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The Roth family leads a quiet life in a small village in the German Alps during the early 1930s. When the Nazis come to power, the family is divided and Martin Brietner, a family friend is caught up in the turmoil.
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Roy Del Ruth
Mary and Larry are are a modestly successful skating team. Shortly after their marriage, Mary gets a picture contract, while Larry is sitting at home, out of work. To prove that he can accomplish things on his own, he leaves Hollywood and convinces a former partner to put on an ice revue in Canada. The show is a huge success, but it makes it impossible for him to be with his wife, but the studio boss has a wonderful idea. Written by
Stephan Eichenberg <email@example.com>
Widely considered the worst film Joan Crawford made at MGM (it must have been a low point for James Stewart too, yet it forms no part of the lore about his long career) this is a real curiosity. It has the sort of B-movie plot Sonja Henie was getting in her hugely successful skating pictures at Fox, but this one is done with an A-budget. And because the stars can't skate, it is essentially two pictures in one -- a skating 'spectacular' featuring anonymous athletes which prefigures the ice-skating arena shows we know so well, and a soap opera about a two career couple who can't make their marriage work.
Forget trying to figure out how a major film from the most meticulous of studios could be such a hodgepodge. Simply go with it and happily register its many lapses in taste and logic. In the early scenes Crawford is actually more relaxed and likable than in other pictures from this period, though this changes once her character signs a movie contract. The idea of Crawford playing a star makes perfect sense and one wonders why no one thought of it before. At last her artificiality and posturing has a logical explanation. (But can someone explain why some of Max Steiner's score from GONE WITH THE WIND is played during Joan's drunk scene?) And in gorgeous three-strip Technicolor she looks at once terrifically glamorous and hard as nails. This hardness and the fact that it exposed her age is surely the reason she never gets a color closeup. And though she is a small part of the color portion of the film, she manages to wear no less than three Adrian outfits, the most striking being a brilliant green ensemble with gold and silver embroidery (the 18th Century court outfits the extras wear must have been recycled from MARIE ANTOINETTE).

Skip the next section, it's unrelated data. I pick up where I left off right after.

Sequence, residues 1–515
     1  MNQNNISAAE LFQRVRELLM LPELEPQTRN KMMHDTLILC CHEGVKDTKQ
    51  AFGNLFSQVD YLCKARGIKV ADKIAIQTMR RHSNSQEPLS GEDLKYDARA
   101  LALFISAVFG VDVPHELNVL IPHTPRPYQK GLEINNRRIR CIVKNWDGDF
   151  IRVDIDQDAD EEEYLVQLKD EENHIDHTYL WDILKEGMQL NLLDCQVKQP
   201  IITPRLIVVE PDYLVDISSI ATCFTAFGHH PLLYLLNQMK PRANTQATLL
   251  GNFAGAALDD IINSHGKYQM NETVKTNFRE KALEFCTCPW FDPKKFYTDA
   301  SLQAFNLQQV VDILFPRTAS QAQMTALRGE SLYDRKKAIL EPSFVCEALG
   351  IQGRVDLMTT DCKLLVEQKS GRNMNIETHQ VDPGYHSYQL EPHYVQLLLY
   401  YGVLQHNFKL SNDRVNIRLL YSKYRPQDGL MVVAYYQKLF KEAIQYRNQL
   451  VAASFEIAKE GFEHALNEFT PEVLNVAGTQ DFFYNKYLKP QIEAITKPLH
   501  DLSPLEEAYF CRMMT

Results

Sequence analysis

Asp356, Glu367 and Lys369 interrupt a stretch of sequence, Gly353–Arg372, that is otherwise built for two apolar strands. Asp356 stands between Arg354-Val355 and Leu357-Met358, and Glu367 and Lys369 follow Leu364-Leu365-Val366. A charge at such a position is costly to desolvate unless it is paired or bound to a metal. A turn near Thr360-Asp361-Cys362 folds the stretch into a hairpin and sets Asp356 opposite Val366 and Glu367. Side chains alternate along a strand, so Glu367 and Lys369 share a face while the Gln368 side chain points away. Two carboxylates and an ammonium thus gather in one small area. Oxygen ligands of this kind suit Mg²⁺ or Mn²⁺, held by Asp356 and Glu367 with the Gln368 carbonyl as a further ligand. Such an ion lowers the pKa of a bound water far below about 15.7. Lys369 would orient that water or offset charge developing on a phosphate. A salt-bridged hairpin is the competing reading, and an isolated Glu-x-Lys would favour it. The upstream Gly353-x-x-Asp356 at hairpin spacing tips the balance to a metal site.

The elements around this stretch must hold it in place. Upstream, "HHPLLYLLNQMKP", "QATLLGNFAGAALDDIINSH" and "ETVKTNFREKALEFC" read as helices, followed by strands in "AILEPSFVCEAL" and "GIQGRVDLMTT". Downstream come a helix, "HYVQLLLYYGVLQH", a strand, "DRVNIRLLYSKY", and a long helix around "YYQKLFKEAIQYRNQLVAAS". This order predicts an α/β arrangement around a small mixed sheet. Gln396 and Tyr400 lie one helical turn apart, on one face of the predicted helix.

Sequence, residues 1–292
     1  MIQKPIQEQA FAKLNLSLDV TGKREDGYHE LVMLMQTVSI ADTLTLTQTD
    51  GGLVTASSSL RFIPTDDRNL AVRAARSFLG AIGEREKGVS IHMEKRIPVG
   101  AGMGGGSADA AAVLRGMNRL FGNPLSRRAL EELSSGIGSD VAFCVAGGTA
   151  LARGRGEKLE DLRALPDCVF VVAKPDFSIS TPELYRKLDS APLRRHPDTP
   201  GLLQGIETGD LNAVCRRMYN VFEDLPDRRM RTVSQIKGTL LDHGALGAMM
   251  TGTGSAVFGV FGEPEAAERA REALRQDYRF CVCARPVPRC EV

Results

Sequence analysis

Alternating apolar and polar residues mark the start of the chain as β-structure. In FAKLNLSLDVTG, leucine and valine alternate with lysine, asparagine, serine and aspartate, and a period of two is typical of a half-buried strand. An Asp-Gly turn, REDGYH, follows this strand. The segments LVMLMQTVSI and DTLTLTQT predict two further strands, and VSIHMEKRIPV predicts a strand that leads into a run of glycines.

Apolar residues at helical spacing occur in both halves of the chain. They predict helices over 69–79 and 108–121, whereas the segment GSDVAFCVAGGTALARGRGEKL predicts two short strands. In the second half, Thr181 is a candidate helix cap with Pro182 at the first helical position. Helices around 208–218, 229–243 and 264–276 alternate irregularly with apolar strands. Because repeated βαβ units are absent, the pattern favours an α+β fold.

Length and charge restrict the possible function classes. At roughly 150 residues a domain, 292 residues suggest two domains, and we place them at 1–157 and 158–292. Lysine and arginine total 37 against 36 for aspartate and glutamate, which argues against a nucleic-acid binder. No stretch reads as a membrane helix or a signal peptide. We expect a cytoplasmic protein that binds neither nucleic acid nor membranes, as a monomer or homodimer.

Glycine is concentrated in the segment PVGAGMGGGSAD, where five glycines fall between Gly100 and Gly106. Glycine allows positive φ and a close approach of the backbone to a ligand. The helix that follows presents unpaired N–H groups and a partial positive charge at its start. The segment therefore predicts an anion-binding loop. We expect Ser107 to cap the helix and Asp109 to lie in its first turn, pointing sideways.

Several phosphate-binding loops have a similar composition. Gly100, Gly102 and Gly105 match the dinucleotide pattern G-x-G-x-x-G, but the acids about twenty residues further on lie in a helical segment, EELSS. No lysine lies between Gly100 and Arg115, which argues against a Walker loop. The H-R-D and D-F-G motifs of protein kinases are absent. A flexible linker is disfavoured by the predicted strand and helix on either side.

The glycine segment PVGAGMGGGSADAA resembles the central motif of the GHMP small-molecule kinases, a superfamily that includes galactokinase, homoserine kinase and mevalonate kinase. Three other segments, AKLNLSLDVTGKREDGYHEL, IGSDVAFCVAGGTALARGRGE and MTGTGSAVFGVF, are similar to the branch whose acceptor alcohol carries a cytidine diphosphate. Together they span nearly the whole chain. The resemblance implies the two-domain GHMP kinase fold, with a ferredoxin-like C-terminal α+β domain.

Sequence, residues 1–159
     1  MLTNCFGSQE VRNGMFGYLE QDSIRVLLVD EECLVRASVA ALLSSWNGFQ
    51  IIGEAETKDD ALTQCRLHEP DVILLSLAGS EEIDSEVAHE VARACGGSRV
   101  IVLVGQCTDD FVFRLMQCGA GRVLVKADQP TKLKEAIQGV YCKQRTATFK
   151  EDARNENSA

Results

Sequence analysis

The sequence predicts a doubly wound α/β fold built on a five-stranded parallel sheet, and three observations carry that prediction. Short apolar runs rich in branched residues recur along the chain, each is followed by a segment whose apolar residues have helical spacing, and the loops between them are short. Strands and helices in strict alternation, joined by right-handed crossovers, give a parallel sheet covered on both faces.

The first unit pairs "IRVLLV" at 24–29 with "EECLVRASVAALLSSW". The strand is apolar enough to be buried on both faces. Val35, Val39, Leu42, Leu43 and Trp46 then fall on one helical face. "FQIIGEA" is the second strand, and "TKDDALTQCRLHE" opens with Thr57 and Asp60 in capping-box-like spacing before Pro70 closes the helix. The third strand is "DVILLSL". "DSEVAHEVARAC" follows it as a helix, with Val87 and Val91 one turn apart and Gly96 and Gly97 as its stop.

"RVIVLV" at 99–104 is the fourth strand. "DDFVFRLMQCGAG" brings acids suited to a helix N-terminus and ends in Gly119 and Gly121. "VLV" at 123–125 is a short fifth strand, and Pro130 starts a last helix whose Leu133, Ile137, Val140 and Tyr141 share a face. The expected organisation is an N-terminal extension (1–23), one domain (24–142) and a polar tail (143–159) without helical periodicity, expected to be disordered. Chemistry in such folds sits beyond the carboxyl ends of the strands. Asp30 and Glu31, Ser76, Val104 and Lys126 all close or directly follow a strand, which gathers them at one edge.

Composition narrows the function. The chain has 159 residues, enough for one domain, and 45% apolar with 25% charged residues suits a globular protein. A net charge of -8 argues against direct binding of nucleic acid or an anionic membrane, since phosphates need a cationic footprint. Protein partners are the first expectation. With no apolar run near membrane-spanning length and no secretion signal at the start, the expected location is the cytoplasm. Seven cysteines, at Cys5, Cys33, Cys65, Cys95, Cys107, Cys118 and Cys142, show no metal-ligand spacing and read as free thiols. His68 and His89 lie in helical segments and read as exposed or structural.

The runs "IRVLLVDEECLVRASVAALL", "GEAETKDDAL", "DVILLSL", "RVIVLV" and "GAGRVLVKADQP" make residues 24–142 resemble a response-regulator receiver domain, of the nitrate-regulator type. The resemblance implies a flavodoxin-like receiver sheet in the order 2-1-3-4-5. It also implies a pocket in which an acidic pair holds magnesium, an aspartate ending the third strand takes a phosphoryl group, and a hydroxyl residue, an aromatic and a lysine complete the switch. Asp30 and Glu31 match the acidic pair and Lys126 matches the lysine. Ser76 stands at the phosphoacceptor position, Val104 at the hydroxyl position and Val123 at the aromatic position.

Assuming Crawford had a choice, why did she do this film? To branch out to a broader family audience than she had before? To cash in on a popular box office fad? Or, at a time when Jeanette Macdonald was still considered Louis B. Mayer's favorite, did Crawford relish getting the Technicolor operetta treatment? Joan took singing lessons for years (her thin, unpleasant voice is briefly heard) and Macdonald had already been in one color film and was about to do another at a time when Technicolor carried the prestige of novelty and expense. Whatever the reason, it must have caused general hilarity in Hollywood -- one can imagine Billy Haines calling up George Cukor to chuckle over the latest bomb Joan had been saddled with. Only Sonja Henie can have been jealous over this turkey.
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